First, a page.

Director: John Sherwood
It’s night #7 of 9 in the series with blog friend Mike’s Take on the Movies as we count down to Halloween. Tonight’s theme is 50’s Science Fiction, and I picked a movie I’ve never seen before, The Monolith Monsters (1957).
That’s a promising enough title and one that accurately describes the size and nature of the creatures advertised. The film begins by showing us meteors, “calling cards from outer space,” zipping by our planet. The ones that make it through our atmosphere without breaking up bring some form of life that remains dormant until awakened during the events like those in science fiction movies. On cue, geologist Ben (Phil Harvey) stops to water his overheated rad in the desert, spies some glittering black rocks and takes one back into the unsuspecting salt mining town of San Angelo, nestled in a beautiful valley.
We soon learn that contact with water causes this specimen to foam and expand, and poor Ben is found the next morning by fellow geologist Dave (Grant Williams), completely petrified, a solid mass standing like a statue. Their office is destroyed and shards of the black rock scattered all over the office.
Meanwhile, Dave’s schoolteacher girlfriend Cathy (Lola Albright) takes her class on a field trip to the desert, right near those rocks and then instructs the kids not to touch anything unusual. Naturally, the cutest little girl takes home one of the freakishly pretty stones and washes it in a bucketful of water. By the time Dave and company connect Ben’s strange death to the rock to the field trip location, it’s too late. They race to the girl’s home to find the rocks have multiplied all over, wrecked the house, turned the parents to stone and left the girl in shock and slowly solidifying.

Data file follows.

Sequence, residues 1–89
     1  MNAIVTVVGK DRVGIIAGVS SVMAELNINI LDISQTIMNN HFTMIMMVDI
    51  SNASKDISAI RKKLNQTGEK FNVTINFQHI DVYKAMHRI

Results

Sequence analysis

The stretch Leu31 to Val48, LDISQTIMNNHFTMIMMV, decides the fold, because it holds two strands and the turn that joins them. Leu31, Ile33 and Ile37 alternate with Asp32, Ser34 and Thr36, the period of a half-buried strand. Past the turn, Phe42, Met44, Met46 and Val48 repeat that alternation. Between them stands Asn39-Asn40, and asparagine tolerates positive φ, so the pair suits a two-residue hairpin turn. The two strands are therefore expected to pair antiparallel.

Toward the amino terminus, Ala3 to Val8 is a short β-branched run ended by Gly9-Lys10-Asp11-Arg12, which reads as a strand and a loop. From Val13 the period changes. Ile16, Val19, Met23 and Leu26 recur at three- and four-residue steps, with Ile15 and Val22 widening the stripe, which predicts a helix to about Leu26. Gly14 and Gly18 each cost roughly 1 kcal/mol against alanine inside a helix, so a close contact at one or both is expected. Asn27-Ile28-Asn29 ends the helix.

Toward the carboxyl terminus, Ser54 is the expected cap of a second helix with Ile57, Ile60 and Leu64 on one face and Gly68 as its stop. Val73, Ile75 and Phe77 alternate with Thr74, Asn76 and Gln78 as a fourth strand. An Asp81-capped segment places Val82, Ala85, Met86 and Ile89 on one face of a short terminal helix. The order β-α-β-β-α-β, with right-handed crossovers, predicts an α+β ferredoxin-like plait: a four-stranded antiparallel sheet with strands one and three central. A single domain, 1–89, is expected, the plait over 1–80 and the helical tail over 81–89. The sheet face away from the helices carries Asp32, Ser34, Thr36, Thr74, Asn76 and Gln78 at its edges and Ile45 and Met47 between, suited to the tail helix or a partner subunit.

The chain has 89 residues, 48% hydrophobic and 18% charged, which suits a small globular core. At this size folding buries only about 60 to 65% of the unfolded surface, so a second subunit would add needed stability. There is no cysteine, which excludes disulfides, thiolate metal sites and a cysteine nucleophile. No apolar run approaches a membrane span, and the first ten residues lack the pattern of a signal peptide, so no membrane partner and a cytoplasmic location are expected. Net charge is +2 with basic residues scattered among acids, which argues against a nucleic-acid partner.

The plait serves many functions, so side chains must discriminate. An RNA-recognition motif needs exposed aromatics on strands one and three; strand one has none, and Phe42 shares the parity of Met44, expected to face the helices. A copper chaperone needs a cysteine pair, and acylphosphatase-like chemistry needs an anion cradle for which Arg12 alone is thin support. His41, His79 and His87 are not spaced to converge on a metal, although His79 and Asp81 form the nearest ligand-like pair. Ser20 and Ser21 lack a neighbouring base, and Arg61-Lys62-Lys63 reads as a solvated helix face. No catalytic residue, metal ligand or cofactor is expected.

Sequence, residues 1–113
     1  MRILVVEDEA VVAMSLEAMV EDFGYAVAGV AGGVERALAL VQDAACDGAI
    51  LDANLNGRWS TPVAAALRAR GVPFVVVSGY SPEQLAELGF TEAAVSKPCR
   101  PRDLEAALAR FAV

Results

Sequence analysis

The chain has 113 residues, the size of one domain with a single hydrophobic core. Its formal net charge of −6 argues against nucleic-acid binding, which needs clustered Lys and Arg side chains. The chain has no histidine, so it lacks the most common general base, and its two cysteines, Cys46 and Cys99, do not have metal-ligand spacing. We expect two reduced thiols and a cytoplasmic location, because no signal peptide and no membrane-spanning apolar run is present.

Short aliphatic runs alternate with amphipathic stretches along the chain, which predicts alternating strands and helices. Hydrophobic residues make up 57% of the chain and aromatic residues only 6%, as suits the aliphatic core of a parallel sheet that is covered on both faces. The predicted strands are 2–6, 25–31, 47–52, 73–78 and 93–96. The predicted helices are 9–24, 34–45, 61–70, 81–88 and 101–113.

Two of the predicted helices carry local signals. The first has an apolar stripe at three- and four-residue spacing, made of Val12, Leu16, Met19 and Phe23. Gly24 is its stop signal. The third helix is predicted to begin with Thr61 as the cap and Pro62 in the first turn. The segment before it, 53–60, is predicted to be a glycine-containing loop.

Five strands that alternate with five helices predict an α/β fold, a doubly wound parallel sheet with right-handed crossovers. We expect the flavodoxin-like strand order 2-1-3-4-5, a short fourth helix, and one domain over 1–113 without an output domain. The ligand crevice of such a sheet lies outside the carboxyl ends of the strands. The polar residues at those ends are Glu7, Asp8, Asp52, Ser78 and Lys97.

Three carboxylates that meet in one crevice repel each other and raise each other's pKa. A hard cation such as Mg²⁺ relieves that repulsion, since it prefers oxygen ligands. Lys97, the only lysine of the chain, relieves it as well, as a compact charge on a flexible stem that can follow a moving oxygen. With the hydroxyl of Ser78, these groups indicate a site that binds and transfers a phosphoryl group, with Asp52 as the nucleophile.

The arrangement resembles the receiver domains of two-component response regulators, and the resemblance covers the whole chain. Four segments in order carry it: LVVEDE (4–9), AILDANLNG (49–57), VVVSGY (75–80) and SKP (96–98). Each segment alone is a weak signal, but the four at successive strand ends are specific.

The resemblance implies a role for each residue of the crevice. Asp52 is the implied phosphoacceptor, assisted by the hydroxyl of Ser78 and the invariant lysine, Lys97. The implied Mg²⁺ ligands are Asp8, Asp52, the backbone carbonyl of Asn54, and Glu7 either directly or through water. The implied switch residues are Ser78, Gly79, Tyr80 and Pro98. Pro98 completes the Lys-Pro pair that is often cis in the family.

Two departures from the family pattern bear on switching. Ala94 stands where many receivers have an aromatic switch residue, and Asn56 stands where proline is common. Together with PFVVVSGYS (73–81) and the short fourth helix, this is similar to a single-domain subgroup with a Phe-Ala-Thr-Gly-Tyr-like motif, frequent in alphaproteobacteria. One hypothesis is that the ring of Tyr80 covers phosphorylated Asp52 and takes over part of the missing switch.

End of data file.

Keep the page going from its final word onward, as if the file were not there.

In the race to save the girl, experts piece together a picture of a mineral that sucks silica out of anything it contacts. Right when Dave figures out that water activates these rocks, and right when you think how lucky it is that this meteor didn’t land in the rainforest, a thunderclap signals a coming downpour. The drenching triggers exponential growth, with some impressive crystalline spears rising to become towering monoliths that topple over, shatter, and then grow again until they overcome the area. The secret to stopping the advancing monolith monsters is to deactivate them chemically, with something they have a lot of: salt. The problem is how to get that salt from the other side of the valley into the monsters’ path in the few hours before the next rainfall, and the solution is dynamite.
This is a short and basic but really enjoyable story with some nice looking visuals. The massive spears of the black mineral repeatedly stabbing up into the sky and tipping over are odd and huge enough to be threatening, the exploding dam and flooding footage is mixed with some good miniature work to make for a fun climax, and the desert surrounding this idyllic little town provides an attractive setting.
Williams and Albright are one of the best looking pairs I’ve seen in this genre, they’re sweet to each other and Albright gets to worry about the little orphan girl, so that adds some nice dimension to the standard couple in peril. There are many familiar faces in uncredited roles, like Paul Petersen as a paperboy and William Schallert as a funny weather geek who’s asked how long the rain will last and drones on about masses, pressures, currents and fronts. Casual conversation allows for funny commentary and efficient character background. In the beginning the newspaperman Martin (Les Tremayne) complains how little news there is to cover in San Angelo, while Ben craves some new geological discovery, and aren’t they both sorry. Asking for the paperboy’s help leads to gripes about “kids these days” who won’t do anything without asking to get paid, and the little student of Cathy’s pries into the reasons she and Dave aren’t married yet if they love each other so much. I had lots of fun watching this likeable group save the world from giant alien paperweights.